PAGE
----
I must confess: I don’t think I’m very good at “pickles”. You know, the cucumber kind. It starts with the cucumbers themselves, of course. Every year I grow “pickling cucumbers” in my garden, and every year they seem to go straight from gerkin to overripe—often, they will begin ripening too much on one end but still be underdeveloped on the other! And once they start developing seeds, the texture of the final pickle is just… meh.
Then, there’s the short-term fermentation time. I enjoy fermenting cabbage in all it’s forms: cabbage and other brassicas are hardy and really darn tasty after fermenting for a year. Cucumbers, on the other hand, are, well, a little fragile. I generally prefer long ferments because set-and-forget is a lifestyle that I am here for. Ferments that require my attention less than a month in are probably not going to do well in my house.
Cucumber pickles are often eaten “half-sour” (which to me sounds like “half-done”), requiring you to check in after so many days and move to the refrigerator. And if you’ve pickled cucumbers before, you’re bound to run into all sorts of tips, tricks, and incantations for crisp pickles, usually involving grape or oak leaves, or even black tea.
So, for me, cucumbers are hard to get right.
But here I am, having another go.
Since I’ve not had good results with the “pickling” variety, this year I grew a different cucumber that is of the “slicing” variety (Shintokiwa). That is, they’re generally long and thin, and won’t fit in a standard mason jar. But I generally cut off the ends anyways, so I’ll just cut these in half. They’ve been growing in nicely, and I have three that are not too ripe, but just ripe enough to be picklable.
I found this recipe for The Hirshon Authentic Jewish Half-Sour Dill Pickles that I’m roughly following (with a much smaller batch size), at least for the addition of a heel of rye bread at the very beginning.
I’m also adding caraway as a main pickling spice, though the recipe doesn’t call for it directly (except as part of the rye bread). There’s this local place called Lox, Stock, and Brisket the has really amazing pickles and I think caraway (and maybe the rye bread) might be the secret.
I’m also trying black tea in these pickles for the first time. Ideally I would have used loose leaf, but I didn’t have any, so I’ve used a tea bag.
- 1 quart/1L Mason jar
- silicon fermentation lid
- 3 8-9″ immature cucumbers, ends cut off and cut in half
- 1 Tien Tsin chili
- 2 large cloves garlic, smashed
- 1 head fresh dill
- 2 bay leaves
- 1 tsp caraway seed
- 1 tsp dill seed
- 1 tsp mustard seed
- 1 tsp coriander seed
- 1 tsp allspice berries
- 1 tsp black peppercorns
- 1 bag organic black tea
- heal of rye bread
- 500mL spring water
- 20g salt (4%)
I filled the bottom of the clean Mason jar with the spices, garlic, chili, and head of fresh dill. Cucumbers fit perfectly, 6 little pickles packed tightly together. Tea bag on top, then capped with the heel of rye bread.
Mixed the brine together (I use pickling salt for this, no heating necessary) and poured in over the bread leaving roughly 1/3″ headspace. Capped with the silicone fermentation lid and set on the counter.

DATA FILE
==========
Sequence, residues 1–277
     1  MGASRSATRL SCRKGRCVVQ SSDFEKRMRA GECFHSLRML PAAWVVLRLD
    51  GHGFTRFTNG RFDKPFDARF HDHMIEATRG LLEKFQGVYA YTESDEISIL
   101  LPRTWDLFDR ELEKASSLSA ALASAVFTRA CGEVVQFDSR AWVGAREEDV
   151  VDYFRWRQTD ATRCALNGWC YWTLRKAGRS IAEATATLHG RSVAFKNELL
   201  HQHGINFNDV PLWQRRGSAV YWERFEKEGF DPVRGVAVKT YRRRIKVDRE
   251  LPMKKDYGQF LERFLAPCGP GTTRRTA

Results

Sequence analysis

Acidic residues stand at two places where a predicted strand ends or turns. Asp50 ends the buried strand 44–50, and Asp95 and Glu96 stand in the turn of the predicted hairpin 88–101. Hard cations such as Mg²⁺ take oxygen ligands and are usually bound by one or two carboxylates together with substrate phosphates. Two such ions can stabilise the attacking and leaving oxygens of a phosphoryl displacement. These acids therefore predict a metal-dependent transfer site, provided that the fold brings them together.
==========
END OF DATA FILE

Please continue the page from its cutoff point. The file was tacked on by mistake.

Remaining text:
I had some brine remaining, I’ve kept it in a separate jar since I know I’ll be removing the bread and I’ll likely need a top-up.
The brine has taken on a fairly dark color, and I’m not sure if it’s mainly from the bread or the tea bag. I’ve removed the bread, it’s done it’s job and it will only get harder to remove as time goes on. I topped up the brine.
See? I was supposed to check in on the pickles after 4 days, but here I am at day 9! Well, better late than never I suppose.
I removed the tea bag—I assume it has also done it’s job by now.
But enough finicky pickle maintenance, let’s taste!
Oo. Oh yeah. These are good. I wouldn’t describe them as “half sour” anymore and that’s perfectly fine by me. They may be “full sour” but they have not lost their crunch! And the caraway is a fantastic addition—frankly, I’ll be adding double or triple the amount next time.
Though I don’t think it’s necessarily bad, there is a faint but distinct black tea aftertaste that is lingering long after I did my taste test. It was not easily detectable at the time of tasting, but anyone saying that adding black tea doesn’t affect the flavor is definitely dead wrong. Or perhaps I’m at fault for using a tea bag, but I don’t have looseleaf on hand.
I dont feel like the use of “slicing cucumbers” has negatively affected the outcome in the slightest. This current variety I’ve grown this year will likely become a staple in my garden.
I’ve put just a plastic lid on this and set it in the fridge. I’m hoping these will last a few weeks at least, though I may not be able to help myself.
I did another batch using an oak leaf instead of a tea bag. Of course, I forgot to remove the bread after a day, so it stayed in for a full week. This is why I prefer low-maintenance ferments!
Luckily, the bread came out mostly intact, and the pickles taste great. No black tea aftertaste. If you are using a tea bag I’d suggest removing it with the bread after one day.